Blog by Sumana Harihareswara, Changeset founder

07 Aug 2014, 13:36 p.m.

Ways To Be

Hi, reader. I wrote this in 2014 and it's now more than five years old. So it may be very out of date; the world, and I, have changed a lot since I wrote it! I'm keeping this up for historical archive purposes, but the me of today may 100% disagree with what I said then. I rarely edit posts after publishing them, but if I do, I usually leave a note in italics to mark the edit and the reason. If this post is particularly offensive or breaches someone's privacy, please contact me.

I just reread Rita Mae Brown's Rubyfruit Jungle, the classic lesbian coming-of-age novel that screams from page 1 and never forgets the intersections of class, gender, and sexuality. I just reread the bit where Molly asks Leroy if it's true that he's flunking school.

"School's stupid. There's nothing they can teach me. I want to go make money and buy me a Bonneville Triumph like Craig's."

"Me too, and I'd paint mine candy apple red."

"You can't have one. Girls can't have motorcycles."

"Fuck you, Leroy. I'll buy an army tank if I want to and run over anyone who tells me I can't have it."

Leroy cocked his slicked head and looked at me. "You know, I think you're a queer."

"So what if I am, except I'm not real sure what you mean by that."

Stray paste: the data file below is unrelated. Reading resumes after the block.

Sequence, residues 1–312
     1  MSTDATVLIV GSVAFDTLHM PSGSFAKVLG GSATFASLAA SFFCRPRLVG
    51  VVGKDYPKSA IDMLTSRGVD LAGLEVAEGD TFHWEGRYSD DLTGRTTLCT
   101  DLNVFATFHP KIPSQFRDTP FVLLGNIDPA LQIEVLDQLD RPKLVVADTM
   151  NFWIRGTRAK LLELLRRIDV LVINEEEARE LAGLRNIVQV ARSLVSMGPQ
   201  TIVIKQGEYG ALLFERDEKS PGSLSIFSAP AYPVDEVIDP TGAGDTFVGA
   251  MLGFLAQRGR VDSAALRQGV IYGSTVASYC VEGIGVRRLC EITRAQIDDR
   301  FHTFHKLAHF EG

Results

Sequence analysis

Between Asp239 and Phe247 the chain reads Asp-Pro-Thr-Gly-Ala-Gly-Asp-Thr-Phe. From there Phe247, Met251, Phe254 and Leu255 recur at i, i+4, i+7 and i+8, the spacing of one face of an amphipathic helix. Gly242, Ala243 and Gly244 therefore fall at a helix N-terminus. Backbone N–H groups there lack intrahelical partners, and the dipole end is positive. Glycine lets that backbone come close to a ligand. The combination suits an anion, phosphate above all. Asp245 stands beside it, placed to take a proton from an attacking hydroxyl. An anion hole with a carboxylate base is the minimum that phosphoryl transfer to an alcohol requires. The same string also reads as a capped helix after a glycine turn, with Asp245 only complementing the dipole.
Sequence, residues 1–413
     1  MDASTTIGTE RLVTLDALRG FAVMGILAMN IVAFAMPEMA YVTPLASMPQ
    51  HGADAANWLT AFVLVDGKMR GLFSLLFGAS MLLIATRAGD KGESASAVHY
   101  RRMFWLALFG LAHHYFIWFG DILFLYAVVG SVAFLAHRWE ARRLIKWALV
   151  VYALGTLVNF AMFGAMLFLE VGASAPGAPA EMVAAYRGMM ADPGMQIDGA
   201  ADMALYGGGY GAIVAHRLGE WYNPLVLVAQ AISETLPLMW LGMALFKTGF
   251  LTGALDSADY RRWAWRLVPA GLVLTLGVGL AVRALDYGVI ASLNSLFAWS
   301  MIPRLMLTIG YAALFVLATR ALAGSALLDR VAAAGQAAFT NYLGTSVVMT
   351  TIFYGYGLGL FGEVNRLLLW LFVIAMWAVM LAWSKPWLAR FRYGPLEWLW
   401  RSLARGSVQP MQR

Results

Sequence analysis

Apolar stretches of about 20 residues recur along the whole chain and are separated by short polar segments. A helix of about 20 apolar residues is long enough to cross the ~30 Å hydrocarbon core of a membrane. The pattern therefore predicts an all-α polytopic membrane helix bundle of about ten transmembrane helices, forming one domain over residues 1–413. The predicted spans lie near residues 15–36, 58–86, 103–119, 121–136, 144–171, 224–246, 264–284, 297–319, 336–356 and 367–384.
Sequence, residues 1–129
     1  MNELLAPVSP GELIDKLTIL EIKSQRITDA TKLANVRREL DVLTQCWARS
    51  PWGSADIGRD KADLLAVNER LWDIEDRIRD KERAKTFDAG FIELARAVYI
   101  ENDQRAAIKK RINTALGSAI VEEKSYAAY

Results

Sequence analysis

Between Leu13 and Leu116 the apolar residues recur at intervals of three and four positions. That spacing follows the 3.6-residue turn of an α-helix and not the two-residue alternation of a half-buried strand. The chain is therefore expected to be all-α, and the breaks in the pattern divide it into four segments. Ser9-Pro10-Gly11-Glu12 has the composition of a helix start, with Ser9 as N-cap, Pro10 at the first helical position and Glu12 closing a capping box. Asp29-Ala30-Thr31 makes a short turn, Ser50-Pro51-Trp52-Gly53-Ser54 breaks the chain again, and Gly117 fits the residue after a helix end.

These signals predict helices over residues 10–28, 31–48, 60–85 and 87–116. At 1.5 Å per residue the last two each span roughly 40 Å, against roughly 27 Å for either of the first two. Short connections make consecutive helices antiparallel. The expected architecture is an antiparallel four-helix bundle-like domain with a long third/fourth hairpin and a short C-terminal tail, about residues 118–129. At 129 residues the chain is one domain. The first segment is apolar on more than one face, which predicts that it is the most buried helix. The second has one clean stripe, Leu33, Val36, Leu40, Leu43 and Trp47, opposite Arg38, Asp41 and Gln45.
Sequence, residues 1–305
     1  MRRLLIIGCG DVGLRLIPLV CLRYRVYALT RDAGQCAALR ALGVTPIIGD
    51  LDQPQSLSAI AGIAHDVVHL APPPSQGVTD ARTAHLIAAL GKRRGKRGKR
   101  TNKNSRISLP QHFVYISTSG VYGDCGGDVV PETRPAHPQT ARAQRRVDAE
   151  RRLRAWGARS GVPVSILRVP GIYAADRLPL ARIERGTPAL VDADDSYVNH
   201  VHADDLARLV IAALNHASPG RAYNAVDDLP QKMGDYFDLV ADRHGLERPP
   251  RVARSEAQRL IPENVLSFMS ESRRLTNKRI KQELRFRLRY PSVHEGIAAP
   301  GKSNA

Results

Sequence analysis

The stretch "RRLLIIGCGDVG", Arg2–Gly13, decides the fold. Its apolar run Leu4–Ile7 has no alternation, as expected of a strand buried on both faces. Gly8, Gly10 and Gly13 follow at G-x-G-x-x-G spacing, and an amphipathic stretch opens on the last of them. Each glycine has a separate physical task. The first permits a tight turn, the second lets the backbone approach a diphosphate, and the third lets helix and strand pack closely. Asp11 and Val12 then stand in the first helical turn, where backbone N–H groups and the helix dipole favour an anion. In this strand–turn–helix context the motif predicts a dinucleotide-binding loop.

"I mean you ain't natural, that's what I mean. It's time you started worrying about your hair and doing those things that girls are supposed to do."

"Since when are you telling me what to do....[snip]....How come you're all of a sudden so interested in my being a lady?"

"I dunno. I like you the way you are, but then I get confused. If you're doing what you please, out there riding around on motorcycles, then what am I supposed to do? I mean how do I know how to act if you act the same way?"

"What goddamn difference does it make to you what I do? You do what you want and I do what I want."

"Maybe I don't know what I want," his voice wavered. "Besides, I'm a chicken and you're not. You really would go around on a candy apple red Triumph and give people the finger when they stared at you. I don't want people down on me." Leroy started to cry. I pulled him close to me, and we sat on the bank of the canal that was stinking in the noon sun.

p. 62-63, Bantam paperback.

People talk like this in Rubyfruit Jungle, speaking their subtext, very on-the-nose, and it doesn't make for velvety-smooth subtle mimetic literature, but that's fine. Here I am grateful to see Brown lay bare Leroy's plaintive need for belonging and direction.

One of the most valuable things, to me, about having a big diverse variety of friends, acquaintances, and colleagues is that I see many ways it's possible to be, and can say "that looks cool, I'll try that."

(If Leroy's lament - how do I know who to be and what to do if we don't have set roles? - strikes a specifically geeky chord with you and you start thinking about nerds and gatekeeping, you might want to read "On geekitude, hierarchy, and being a snob" and "What is geek".)